Local products Cheryl Salisbury, Joey Peters and Emily van Egmond all have more than 100 caps for the Matildas and are considered among some of the greatest female footballers the country has produced, while others such as Alison Forman, Linda Hughes and Lauren Colthorpe have all made unforgettable contributions to women's football in Australia.
In representing Australia, these players simply haven't just chased a ball around a football pitch, but rather they have helped to create a tradition that has inspired the next generation to try and pull on the green and gold.
In the 1930s, whenever Australian international Alf 'Ducky' Henwood played at Cessnock, a young local lad by the name of Kevin O'Neill would be waiting at the station, without fail, for his hero to arrive.
"I used to go down and carry his bag from the Cessnock railway station, when we had a train run, all the way to the soccer," O'Neill said last year in an interview with former Socceroo Graham Jennings.
Some 20 years later, that little boy was playing for Australia himself, with O'Neill's all-conquering Cessnock team of the mid-1950s containing no less than seven internationals and inspiring the next generation of local footballers.
A few years after that and a couple of kilometres down the road at Kearsley, former Australian international goalkeeper Norm Conquest played a role in uncovering another star - the future national team goalkeeper Bill Rorke.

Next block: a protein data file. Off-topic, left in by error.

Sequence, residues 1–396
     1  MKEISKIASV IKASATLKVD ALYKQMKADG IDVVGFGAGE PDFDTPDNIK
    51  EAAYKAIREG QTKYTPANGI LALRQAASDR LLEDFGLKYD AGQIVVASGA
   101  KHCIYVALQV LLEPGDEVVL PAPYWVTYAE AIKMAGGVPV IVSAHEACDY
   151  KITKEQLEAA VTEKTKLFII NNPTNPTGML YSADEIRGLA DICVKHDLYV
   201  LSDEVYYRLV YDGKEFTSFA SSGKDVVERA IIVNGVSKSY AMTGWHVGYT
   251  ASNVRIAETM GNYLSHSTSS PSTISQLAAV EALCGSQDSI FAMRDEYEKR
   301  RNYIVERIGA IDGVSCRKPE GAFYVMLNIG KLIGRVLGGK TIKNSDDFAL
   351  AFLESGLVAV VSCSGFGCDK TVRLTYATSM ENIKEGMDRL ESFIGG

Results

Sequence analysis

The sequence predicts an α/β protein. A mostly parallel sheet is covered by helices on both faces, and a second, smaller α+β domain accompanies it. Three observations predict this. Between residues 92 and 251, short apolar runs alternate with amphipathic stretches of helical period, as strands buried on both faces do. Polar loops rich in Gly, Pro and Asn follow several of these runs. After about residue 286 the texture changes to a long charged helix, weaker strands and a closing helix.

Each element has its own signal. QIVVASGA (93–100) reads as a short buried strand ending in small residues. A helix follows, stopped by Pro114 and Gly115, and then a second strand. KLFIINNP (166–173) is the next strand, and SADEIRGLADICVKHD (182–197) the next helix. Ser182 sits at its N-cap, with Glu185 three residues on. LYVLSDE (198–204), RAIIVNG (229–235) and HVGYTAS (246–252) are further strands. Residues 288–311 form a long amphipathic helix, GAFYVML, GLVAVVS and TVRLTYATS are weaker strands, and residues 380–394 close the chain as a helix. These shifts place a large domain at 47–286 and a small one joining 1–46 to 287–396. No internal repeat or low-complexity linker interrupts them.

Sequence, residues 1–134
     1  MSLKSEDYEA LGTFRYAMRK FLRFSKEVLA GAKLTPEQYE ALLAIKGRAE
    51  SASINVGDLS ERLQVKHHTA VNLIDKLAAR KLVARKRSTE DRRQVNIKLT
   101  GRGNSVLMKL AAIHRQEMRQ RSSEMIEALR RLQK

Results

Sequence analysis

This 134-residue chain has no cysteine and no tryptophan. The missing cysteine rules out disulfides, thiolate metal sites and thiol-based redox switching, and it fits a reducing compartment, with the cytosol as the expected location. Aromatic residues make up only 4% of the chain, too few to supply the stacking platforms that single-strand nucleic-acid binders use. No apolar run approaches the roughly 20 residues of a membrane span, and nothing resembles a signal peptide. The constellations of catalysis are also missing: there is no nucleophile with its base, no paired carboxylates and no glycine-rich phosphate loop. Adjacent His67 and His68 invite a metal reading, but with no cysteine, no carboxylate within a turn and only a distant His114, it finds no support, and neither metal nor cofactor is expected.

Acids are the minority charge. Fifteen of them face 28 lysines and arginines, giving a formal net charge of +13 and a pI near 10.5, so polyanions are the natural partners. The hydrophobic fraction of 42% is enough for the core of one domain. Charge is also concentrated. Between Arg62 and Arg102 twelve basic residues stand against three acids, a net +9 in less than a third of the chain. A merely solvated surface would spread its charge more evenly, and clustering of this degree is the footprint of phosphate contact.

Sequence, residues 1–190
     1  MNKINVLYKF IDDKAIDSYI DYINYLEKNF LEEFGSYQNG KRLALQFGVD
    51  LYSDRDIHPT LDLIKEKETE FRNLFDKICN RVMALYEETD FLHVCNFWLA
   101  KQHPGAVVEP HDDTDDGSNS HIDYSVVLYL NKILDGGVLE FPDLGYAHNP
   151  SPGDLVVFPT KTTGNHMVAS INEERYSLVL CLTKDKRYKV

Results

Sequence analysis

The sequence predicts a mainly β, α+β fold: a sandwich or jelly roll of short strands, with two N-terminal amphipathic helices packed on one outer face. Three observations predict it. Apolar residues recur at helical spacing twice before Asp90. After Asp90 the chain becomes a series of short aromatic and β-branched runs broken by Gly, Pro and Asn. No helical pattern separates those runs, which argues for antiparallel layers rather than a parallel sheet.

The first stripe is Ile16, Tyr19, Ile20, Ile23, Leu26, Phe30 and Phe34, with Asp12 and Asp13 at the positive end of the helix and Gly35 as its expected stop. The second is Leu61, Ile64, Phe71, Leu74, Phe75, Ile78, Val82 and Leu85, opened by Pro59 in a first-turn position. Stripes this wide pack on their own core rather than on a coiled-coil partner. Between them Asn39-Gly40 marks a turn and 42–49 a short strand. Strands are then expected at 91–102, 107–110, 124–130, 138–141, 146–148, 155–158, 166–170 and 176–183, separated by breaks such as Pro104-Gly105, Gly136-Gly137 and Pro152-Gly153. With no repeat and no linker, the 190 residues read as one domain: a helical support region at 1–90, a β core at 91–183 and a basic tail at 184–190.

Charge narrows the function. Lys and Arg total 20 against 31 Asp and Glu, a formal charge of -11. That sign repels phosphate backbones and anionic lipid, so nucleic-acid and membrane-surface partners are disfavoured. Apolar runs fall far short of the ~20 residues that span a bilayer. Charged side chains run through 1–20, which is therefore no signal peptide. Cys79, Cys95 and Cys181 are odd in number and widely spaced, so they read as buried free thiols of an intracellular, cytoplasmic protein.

"Norm would come back to Kearsley to see his mother and he'd catch up with my dad," says Rorke. "Dad would say, 'Oh, young Billy is a goalkeeper, you know?' So he'd take me down to the soccer ground at Kearsley when he came up a couple of times and do a bit of coaching with me."
It was clear that Conquest liked what he saw, because in 1963 he took the then 17-year-old down to Sydney for a trial with Bankstown.
It's fair to say it proved to be a roaring success. Two years later young Billy, by that stage known simply as Bill, was walking out onto the Olympic Stadium in Phnom Penh in front of 65,000 fans, lining up for Australia in the country's inaugural World Cup qualifying campaign.
And even though his debut came nearly a century after the very first cap was handed out, the Hunter's newest Socceroo, Connor Metcalfe, is hoping provide the same inspiration as Henwood, Conquest and those gone by.
"It just makes me feel proud," he says. "Hopefully little kids back in Newcastle can look to me in a way and say, 'Hey, it's not impossible to make it.'"
To honour that first-ever international 100 years ago, Australia and New Zealand will take part in a two-test series in September.
And while some might just see it as another game, when the players take the pitch, shake hands and pose for a photo, they will have the weight of 100 years of history - from the lost grounds, to the defining results and the famous names, all the way from Maunder to Metcalfe - standing firmly behind them.